• Identifying the ‘influencers’ in your market. Often, when people think of influencers, Kylie Jenner or Kim Kardashian pop into mind. But, every sector has influencers, from insurance through to aerospace. Social listening will help you identify not only who they are, but what topics are key in your sector.
  • No market is static. Things change, new products and services come to market all the time, customer behaviour changes. If you don’t keep scanning your market, you run the risk of falling behind your competitors. Social Media is a great means of conducting market analysis.

So, how do you do it?

There are plenty of tools to help you conduct market research using social media channels. But first, you need to look at your marketing strategy and set some objectives around your research.

Be clear about what you want to achieve. This will help you choose the right social media channels and tools.

For example, you may want to research entering a new market, launch a new product or service, find relevant industry events or glean behavioural insights on your target customers.  Now you can work out which social channels you are going to focus on.  You can select one or more social media channels, you just need to be clear on what you want to achieve and where your customers are. This article provides some great insight into the use of social channels by demographic.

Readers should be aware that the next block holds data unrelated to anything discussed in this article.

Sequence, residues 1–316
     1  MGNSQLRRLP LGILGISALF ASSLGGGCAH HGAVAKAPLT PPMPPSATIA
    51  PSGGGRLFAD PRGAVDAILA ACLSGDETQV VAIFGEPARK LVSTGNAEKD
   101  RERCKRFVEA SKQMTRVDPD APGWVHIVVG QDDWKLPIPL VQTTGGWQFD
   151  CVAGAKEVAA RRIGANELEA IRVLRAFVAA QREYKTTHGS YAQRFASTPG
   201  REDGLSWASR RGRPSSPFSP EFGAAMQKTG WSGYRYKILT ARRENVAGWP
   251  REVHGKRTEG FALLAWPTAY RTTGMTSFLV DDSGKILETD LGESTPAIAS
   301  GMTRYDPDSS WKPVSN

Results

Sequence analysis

Some tools and methods

There are numerous tools out there and I’ve selected a handful in this article that I use. Before we go into the tools though, I wanted to highlight some examples of brands that have used social insights well.